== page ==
In this question, the accepted answer for daily protein needs cites, "0.8g/lb ... (body-building)", meaning that if one is body building, one needs 0.8 g of protein per day per lb of body weight. I'm not trying to be a "body builder" in the sense of competitions, but I am trying to build my muscles, strength, and endurance, and so I used this figure. (Perhaps that is inappropriate?).

The problem: I am largely vegetarian (much of which is vegan), 170 lbs, and find that getting 0.8 * 170 = 136 grams of protein, each day, into my diet seems very tough--particularly since I am trying to lose fat while gaining muscle, and so am trying to keep calories low enough to lose fat. I generally don't eat breakfast and my lunch is about 20 g of protein, so this leaves a 116 g at dinner....nearly impossible for me based on my typical diet.

Although I've been lifting weights on and off for about a year and a half, I'm sure I've rarely if ever hit that 136 gram amount. I have clearly made some gains over that time (going from 0 pull-ups to 11), but generally am dissatisfied with my strength and endurance progress. Part of that is clearly an insufficient training regimen, which I can work on, but I've wondered if I am working at a sizable disadvantage by not consistently hitting this 136 grams.


  1. So, first, to be clear: is that full body weight or only lean body mass?
  2. As someone who wants to do a modest-medium transformation (lose 20 lbs of fat, gain maybe 10 lbs of muscle?...within 6-10 mos?), is the 0.8 g/lb of body weight the right value?
  3. To what degree could "under-proteinizing" my diet be holding back progress?

2 Answers 2


Let's start from the bare minimum requirements, which based on different places I've seen is around 1g per kg lean body weight. That's roughly 0.5g per pound lean body weight. This number is the amount of protein required to maintain muscle mass in sedentary people.

When you lift weights, your body has an increased demand for protein. Whether you are increasing your sarcoplasmic hypertrophy (support systems and fluid in the muscle cells), or you are aiming to increase your myophibrillar hypertrophy (protein pairs to build strength in the muscle cells), your body needs more protein than a sedentary person. The worn out bits of your muscles get replaced with new bits, and your body has to have more to supercompensate (handle more weight than before).

To tell the truth, .8g per pound of body weight is the lowest number I've seen for weightlifters anywhere. Normally it's about 1g or 1.5g protein per pound body weight. Note, protein content this high in your diet will also help you stay satiated longer, and be a bit more thermogenic (i.e. burn more Calories just processing it). While this may be a little more than your body can use, most proteins don't have a 100% metabolism efficiency. What that means is that you don't get all the protein you eat, even when you don't eat enough. Weightlifters have to consume more protein to get the maximum amount the body can use.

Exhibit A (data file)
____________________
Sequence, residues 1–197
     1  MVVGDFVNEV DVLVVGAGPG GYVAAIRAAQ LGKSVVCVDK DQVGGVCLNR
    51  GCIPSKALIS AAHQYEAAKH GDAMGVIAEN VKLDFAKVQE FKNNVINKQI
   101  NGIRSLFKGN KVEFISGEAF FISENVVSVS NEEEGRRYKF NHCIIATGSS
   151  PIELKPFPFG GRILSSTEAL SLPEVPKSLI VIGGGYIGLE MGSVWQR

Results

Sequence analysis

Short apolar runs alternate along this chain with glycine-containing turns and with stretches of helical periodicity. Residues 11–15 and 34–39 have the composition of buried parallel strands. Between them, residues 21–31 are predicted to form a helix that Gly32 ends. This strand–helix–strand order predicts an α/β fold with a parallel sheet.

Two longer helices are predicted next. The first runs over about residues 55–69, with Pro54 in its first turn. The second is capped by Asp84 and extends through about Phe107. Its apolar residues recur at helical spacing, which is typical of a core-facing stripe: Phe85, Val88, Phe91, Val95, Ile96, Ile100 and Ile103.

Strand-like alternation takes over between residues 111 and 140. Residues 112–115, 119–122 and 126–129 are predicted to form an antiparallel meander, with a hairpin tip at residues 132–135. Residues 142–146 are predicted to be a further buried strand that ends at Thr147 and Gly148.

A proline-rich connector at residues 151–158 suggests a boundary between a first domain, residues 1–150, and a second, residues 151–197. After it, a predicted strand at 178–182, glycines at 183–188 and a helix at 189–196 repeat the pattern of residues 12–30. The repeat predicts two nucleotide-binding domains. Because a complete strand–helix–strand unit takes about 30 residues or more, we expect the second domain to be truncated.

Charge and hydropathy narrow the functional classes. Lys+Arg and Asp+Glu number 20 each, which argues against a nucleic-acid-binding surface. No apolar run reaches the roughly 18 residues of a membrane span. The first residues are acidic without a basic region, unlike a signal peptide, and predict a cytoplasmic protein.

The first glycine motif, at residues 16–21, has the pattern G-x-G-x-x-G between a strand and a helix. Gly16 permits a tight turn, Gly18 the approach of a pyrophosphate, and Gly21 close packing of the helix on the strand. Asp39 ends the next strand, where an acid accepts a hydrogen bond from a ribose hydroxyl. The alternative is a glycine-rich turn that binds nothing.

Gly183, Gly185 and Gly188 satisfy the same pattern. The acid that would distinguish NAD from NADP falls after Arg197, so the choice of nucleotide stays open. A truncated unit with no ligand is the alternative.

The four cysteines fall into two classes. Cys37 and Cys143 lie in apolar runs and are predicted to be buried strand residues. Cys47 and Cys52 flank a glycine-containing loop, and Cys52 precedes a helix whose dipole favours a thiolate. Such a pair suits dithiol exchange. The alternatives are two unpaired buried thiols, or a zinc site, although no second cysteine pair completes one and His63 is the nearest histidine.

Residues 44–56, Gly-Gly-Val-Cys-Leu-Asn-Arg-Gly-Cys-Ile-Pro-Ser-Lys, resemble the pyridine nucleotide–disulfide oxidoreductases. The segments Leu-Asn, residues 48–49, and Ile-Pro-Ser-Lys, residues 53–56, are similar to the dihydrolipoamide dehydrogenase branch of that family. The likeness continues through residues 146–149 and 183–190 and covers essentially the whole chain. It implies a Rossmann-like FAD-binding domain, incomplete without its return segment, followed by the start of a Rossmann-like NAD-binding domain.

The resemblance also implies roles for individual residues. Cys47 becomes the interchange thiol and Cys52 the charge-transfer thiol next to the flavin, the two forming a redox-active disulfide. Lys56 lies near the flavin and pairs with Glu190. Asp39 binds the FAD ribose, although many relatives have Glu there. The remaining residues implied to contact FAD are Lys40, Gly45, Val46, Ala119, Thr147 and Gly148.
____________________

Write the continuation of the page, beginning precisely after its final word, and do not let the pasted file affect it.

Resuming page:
It's true that vegetarians are at a disadvantage here. Depending on "how vegetarian" you are, there are things you can do to help yourself out. For example, if you don't have any issues with dairy protein (a cow does not have to die to give that to you), you may consider supplementing with whey protein. Soy protein also has a fairly complete amino profile, but has the disadvantage of being a phyto-estrogen component in your body (acts like the estrogen hormone).

Bottom line: weightlifting, whether for aesthetics or strength (or both), demands more protein to continue building muscle than the average sedentary person. You will likely have to turn to supplementation to get the extra protein you need. If you have a higher proportion of protein in your diet (amongst all the Calories you eat), it will help you burn more fat.

Side comment: The industry that pushes the need for breakfast is the cereal industry. Studies advocating intermittent fasting put less emphasis on what time of day you eat, and more on getting the right nutrient profile when you eat. Whether you have breakfast or not isn't going to affect your gains, as long as you get the Calories your body needs, and the proper macronutrient proportions to support muscle growth and recovery (carbs are useful for recovery, but not too many).

  • @BerrinLoritsch Based on these responses, I'm making an effort to up my protein to around 136 g, but it is tough. Even with having particularly proteinaceous meals, I'm just plain full and do not wish to eat further protein or drink protein mixes. 1 to 1.5 g per body weight is clearly not going to to happen. I strongly suspect that these numbers are particularly prone to "inflation", because weight-lifters will tend to think more is always better (I've seen that with brain neuron counts, too.). Let's see what happens with 130 or so grams per day, if I can manage even that.
    – Chelonian
    Nov 30, 2011 at 17:52

Protein intake is the most important factor in muscle recovery and building, if you skimp on protein intake, and cut calories, your body will start breaking down muscle to get the needed protein.

You can cut down on starchy carbs all you want, but try to make up the daily protein as far as possible, I don't think you need the body building level, but I would go with about half a gram per lb of total body weight.

Another thing I noticed in your question is that you generally don't eat breakfast, and that your main aim is to lose weight. You will need to make breakfast a daily habit for optimal weight loss, if you really want to skip a meal, or cut down, rather skip dinner then.

Your Answer

By clicking “Post Your Answer”, you agree to our terms of service and acknowledge you have read our privacy policy.

Not the answer you're looking for? Browse other questions tagged or ask your own question.